PERCS, DECS, AND OTHER MANDATORY CONVERTIBLES
Journal of Applied Corporate Finance, 1997, vol. 10, issue 1, 54-63
From their beginnings in 1988, mandatory convertibles such as PERCS and DECS have grown to account for as much as 25% of a convertible market that experienced new issuance of $20 billion in 1996. Mandatory convertibles usually pay a higher dividend than the company's common stock (generally for a three‐year period) and then require the holders to convert into common stock under terms that provide limited appreciation until conversion. This article examines the rationale for mandatory convertibles from the point of view of issuers as well as investors. Like conventional convertibles securities, mandatory convertibles reduce the costs of the information asymmetry problem that confronts equity issuers. But, to a greater degree than ordinary convertibles, mandatory convertibles provide a solution to the financial restructuring problem faced by highly leveraged (and, in some cases, troubled) companies. They also enable growth companies to signal confidence about their future, particularly by including features such as guaranteed appreciation. The last section of the article discusses the valuation of three varieties of mandatory convertibles: PERCS, DECS, and mandatory convertibles with a value guarantee. The valuation method builds on the insight that each of these securities can be decomposed into three basic components: (1) the underlying common stock; (2) the fixed‐income cash flow promised investors; and (3) the option on the company's stock embedded in the security.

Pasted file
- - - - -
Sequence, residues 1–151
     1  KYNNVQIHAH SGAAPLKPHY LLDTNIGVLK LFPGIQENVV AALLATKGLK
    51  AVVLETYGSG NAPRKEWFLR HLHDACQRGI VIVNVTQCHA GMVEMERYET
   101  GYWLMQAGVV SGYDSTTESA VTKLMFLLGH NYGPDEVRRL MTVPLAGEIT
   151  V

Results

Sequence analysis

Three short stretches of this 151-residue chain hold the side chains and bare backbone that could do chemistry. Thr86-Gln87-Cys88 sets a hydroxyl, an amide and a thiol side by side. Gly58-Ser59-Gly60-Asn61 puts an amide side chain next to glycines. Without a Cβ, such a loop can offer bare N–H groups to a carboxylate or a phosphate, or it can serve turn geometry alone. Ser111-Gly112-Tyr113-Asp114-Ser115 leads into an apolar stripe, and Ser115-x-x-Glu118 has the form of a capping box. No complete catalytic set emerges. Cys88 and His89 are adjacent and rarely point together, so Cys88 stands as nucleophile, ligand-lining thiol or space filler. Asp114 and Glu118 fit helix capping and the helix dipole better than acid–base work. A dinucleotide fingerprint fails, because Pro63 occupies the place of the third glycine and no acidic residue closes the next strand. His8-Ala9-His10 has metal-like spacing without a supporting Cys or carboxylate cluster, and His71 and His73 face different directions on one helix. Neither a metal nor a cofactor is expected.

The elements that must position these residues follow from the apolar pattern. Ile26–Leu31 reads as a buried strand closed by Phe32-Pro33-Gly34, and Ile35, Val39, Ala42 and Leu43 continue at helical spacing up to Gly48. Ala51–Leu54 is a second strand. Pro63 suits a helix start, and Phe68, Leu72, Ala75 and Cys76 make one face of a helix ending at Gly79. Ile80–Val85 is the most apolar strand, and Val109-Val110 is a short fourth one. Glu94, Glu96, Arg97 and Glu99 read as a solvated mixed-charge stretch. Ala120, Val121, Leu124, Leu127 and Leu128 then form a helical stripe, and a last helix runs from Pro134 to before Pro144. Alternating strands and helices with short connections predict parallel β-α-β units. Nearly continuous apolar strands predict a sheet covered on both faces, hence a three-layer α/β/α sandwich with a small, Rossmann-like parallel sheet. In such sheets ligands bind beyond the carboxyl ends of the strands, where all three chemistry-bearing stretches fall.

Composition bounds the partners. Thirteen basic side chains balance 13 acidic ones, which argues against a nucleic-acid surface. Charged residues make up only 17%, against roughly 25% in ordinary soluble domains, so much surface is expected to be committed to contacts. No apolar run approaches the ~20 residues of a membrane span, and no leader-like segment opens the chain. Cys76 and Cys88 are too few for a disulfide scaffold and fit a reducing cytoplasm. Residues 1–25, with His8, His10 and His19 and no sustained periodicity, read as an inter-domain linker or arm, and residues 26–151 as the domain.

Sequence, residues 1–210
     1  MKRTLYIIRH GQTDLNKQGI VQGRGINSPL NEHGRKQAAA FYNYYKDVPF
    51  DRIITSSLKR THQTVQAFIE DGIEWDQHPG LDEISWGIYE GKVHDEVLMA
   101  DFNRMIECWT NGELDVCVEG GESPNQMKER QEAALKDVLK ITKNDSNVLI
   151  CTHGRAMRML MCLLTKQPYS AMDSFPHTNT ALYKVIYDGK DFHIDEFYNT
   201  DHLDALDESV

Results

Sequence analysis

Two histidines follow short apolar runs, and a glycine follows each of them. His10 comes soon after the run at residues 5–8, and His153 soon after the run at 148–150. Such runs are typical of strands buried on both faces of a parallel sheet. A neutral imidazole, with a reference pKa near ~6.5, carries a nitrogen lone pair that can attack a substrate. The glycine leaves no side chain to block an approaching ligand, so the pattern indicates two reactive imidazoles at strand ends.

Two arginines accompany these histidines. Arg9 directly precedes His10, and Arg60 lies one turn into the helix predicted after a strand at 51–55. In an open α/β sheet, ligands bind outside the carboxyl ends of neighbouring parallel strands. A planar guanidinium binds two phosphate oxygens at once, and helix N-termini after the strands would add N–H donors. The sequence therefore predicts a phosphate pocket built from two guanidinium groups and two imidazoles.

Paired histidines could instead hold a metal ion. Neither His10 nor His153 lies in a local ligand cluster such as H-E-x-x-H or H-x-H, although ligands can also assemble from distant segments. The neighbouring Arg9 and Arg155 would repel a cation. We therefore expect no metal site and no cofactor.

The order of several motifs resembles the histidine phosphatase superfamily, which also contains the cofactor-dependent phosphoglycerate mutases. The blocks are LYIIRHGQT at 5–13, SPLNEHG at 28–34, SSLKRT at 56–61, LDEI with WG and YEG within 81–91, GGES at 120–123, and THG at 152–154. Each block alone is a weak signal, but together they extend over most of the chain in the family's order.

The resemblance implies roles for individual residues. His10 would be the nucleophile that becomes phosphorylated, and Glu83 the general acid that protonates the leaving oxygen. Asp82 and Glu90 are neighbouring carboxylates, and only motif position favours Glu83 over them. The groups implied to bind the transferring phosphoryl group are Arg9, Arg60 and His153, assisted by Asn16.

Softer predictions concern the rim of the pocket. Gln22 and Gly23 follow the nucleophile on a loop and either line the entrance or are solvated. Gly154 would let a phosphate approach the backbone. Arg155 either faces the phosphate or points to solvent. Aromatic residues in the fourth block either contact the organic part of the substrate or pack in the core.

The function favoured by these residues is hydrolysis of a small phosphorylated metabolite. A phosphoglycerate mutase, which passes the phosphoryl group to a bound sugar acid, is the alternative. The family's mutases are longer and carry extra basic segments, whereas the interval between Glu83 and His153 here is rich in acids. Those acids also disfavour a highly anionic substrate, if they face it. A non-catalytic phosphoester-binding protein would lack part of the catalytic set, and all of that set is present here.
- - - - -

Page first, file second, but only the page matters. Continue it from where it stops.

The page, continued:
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Journal of Applied Corporate Finance is currently edited by Donald H. Chew Jr.
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